• Thomas Meloche

Agile Isn't Really Good for All Projects

Updated: Feb 4

Executives, managers, and team members frequently say to me, “You know agile isn’t really good for all projects.”

I respond, “Tell me about one?”

Agile has a soft and squishy definition. They may be right depending on how they see, use, and experience processes labeled with the term agile. So I have learned to not to assume I know what they are talking about, not react with emotion. Instead I respond with curiosity, asking questions about what they are thinking.

Quick retorts or comebacks defending agile are simply silly. They never work. Believe me, I've tested it.

When someone says "Agile isn't good for all projects," they are not attacking me, nor agile. They are simply sharing their view of the term agile. They are sharing how their brain views the term. This is a function of all of their unique and individual life experiences. It is always a very different view than mine. Their comment can become a delightful opportunity to see the world through their eyes.

It is amazing what you learn when you listen.

I heard examples of dozens of different types of projects people think would not be a good choice for agile: embedded controllers, Mars landers, giant enterprise-wide data ports, scientific instruments, etc. It is fun to hear about their projects, their concerns, and their very legitimate desires about how they wish to work.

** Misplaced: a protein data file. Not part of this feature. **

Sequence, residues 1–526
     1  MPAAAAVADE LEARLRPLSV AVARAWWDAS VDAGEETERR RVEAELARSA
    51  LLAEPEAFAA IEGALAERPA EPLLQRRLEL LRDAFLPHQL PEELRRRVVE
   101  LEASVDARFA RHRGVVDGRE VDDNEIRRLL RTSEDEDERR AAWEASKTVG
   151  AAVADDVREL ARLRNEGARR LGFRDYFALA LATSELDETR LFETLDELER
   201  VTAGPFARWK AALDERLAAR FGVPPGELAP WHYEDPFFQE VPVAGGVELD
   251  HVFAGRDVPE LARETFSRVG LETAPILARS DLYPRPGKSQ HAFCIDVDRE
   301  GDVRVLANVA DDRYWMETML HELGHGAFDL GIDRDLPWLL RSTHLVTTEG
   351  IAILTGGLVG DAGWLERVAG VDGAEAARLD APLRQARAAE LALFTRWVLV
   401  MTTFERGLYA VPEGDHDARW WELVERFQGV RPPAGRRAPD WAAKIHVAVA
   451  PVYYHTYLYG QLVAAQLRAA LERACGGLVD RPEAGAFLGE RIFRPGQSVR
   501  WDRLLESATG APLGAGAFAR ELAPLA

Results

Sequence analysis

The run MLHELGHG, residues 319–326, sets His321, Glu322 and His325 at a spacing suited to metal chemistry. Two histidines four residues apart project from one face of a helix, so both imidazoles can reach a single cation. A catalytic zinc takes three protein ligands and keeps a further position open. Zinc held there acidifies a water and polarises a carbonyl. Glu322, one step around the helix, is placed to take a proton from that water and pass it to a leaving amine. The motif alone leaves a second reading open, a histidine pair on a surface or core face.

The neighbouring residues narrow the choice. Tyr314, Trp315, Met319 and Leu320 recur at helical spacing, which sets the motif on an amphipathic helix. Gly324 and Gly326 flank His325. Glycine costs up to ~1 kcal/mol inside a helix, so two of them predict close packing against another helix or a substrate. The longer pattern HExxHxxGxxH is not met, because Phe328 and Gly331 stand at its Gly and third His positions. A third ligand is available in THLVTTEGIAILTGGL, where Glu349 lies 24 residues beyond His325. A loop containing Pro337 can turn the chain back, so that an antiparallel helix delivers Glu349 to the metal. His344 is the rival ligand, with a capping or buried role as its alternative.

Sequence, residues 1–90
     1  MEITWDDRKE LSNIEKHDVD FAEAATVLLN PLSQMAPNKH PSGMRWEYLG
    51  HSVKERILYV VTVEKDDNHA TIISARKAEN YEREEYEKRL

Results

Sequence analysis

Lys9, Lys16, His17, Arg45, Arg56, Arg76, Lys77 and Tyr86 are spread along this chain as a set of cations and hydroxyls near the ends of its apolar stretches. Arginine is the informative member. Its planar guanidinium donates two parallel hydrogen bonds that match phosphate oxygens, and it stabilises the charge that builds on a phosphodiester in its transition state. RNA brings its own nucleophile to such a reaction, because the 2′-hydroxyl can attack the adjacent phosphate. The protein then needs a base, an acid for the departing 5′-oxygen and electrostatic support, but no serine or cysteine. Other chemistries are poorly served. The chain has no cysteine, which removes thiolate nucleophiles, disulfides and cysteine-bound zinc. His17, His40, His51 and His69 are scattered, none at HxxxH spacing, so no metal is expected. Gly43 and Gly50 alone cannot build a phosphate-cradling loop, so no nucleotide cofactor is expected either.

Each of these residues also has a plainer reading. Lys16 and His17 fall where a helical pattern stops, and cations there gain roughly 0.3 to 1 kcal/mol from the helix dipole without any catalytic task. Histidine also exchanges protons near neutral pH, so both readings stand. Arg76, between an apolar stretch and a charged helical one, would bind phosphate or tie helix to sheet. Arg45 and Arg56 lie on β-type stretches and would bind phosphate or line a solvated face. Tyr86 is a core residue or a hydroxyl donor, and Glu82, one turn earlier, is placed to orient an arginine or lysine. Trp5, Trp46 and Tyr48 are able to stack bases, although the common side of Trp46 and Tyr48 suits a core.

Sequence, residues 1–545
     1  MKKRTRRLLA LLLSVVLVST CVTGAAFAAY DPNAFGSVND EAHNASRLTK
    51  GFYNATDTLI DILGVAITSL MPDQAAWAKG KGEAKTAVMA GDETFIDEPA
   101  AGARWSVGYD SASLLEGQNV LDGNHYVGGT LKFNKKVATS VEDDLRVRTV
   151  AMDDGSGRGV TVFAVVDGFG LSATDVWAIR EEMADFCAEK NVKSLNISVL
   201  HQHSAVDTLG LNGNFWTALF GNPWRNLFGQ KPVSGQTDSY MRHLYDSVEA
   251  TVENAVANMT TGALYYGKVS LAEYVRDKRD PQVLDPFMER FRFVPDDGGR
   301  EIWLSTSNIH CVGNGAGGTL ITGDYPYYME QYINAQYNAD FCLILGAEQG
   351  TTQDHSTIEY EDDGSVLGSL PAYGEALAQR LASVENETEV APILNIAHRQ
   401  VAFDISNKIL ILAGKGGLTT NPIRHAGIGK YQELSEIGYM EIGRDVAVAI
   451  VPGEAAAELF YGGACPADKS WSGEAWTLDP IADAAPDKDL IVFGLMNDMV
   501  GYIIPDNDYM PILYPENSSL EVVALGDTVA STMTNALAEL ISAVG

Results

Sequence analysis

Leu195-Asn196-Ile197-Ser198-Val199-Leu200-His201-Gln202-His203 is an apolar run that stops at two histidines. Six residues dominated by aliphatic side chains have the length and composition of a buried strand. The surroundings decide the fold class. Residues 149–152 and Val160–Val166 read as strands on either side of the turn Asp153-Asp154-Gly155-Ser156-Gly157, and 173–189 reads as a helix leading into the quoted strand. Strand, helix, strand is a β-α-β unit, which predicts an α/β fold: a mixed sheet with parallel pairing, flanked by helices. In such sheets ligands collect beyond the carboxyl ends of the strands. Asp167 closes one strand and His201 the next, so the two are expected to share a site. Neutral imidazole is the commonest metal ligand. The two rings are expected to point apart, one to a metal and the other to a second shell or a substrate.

Their projects and concerns are interesting, once we get beyond fuzzy words and labels. No two definitions or agile are ever the same and we quickly discover we need to leave the agile label behind.

We instead discuss fundamental ways to achieve the outcomes we desire on difficult projects. What do they suggest? We may actually actually agree on at least three or four key ways to make their example project better. Frequently we discuss:

  • Shorter cycles times

  • Prioritized work queues

  • Regular demonstrations of working solutions

  • Incremental delivery

I am always happy if we discuss shorter cycle times. As a matter of principle, the folks with shorter cycle times tend to win.

If we take the time to explore together ideas about achieving outcomes we always discover something wonderful. We learn how differently we use words to understand our world. We find our project can be improved in many of the same ways even if we give them different names. I may call a process which delivers the four elements above agile. But if they don't call it by the same name, it is certainly not worth quibbling about. Agile is just a label. It is a label that didn't even exist when I first starting having great success with those four elements.

What do I care about the label. Perhaps it isn't even that great of a label.

When you hear some say, “You know agile really isn’t good for all projects,” let that start, not stop, the conversation.

“Why no, no I don’t. Tell me about one?”

Then listen. Ask clean questions. Discover how other people can truly be endlessly interesting.

“Take input from reality and respond to it.” –Kent Beck's definition of Agile. I like Kent's definition.


©2020 by Tom Meloche.